Legal needs: ’Break down barriers’ to access, urges watchdog

Umbrella regulator the Legal Services Board hailed publication of the biggest ever legal needs survey in England and Wales by indicating it will seek further liberalisation of the marketplace. 

‘Everyone should be able to access professional support if they need it,’ said LSB chair Dr Helen Phillips. ‘However, this survey reveals a significant access to justice gap. For a variety of reasons people do not always seek legal advice. Many fail to identify the issues they face as being legal in nature. They perhaps class it as a housing issue or a financial problem or put it down to bad luck. This means they then don’t seek for the right kind of help.’

She added: ‘Those who get legal support are more likely to be satisfied with the outcome, so it’s vital we remove barriers that prevent people accessing help. This includes building legal capability and encouraging people to shop around for services. When people understand their legal rights and responsibilities, it makes a real difference to their confidence and their ability to access justice.’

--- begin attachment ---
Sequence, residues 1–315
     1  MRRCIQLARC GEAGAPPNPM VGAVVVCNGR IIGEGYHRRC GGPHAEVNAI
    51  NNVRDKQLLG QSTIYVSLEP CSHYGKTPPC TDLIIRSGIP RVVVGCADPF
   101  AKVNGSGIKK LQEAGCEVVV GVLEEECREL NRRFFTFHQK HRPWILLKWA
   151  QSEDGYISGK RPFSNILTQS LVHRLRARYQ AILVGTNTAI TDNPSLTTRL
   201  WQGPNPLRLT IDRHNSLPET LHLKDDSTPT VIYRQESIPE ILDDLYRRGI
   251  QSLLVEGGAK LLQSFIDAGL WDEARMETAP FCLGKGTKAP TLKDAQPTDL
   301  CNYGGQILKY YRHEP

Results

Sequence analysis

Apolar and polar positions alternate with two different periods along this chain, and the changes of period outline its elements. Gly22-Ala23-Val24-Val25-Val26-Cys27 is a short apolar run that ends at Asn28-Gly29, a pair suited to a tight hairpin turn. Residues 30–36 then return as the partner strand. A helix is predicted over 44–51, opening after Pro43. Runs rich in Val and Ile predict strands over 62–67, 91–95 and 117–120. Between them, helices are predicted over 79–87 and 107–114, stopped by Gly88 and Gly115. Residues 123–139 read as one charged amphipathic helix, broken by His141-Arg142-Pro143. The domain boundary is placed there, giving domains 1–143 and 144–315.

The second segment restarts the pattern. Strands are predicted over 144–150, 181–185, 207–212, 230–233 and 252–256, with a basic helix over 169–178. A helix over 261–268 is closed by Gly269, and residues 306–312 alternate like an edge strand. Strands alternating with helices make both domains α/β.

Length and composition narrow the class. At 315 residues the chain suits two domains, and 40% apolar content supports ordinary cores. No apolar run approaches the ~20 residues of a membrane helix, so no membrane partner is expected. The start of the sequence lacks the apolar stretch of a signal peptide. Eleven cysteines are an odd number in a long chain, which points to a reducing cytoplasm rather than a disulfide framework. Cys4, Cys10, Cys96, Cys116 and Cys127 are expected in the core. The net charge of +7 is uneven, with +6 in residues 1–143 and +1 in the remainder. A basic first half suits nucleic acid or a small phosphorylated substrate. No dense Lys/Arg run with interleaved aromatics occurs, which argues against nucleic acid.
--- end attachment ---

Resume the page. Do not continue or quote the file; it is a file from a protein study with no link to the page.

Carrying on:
Phillips did not allude to legal aid and what the Law Society described as the ‘swingeing’ cuts which have removed access to justice for large swathes of the population.

‘Legal aid has been decimated,’ said Society president Simon Davis. ‘This survey shows near unequivocal support for legal aid but as people do not understand which issues are covered or if they are eligible, many who should have publicly funded legal advice simply will not get it. Our future justice system should be one that prioritises public legal education so people understand their rights, legal issues and how to access justice.’

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The findings show ‘when people do get professional legal advice – particularly from a solicitor – they are more able to resolve legal problems effectively, and far more likely to view the justice system as fair, even if they lose their case’, Davis stressed.

He added: ‘While most people resolve minor legal issues – like faulty goods or parking fines – without professional advice, it is a cornerstone of justice that everyone should be able to get professional legal advice when they need it, regardless of wealth or status.’



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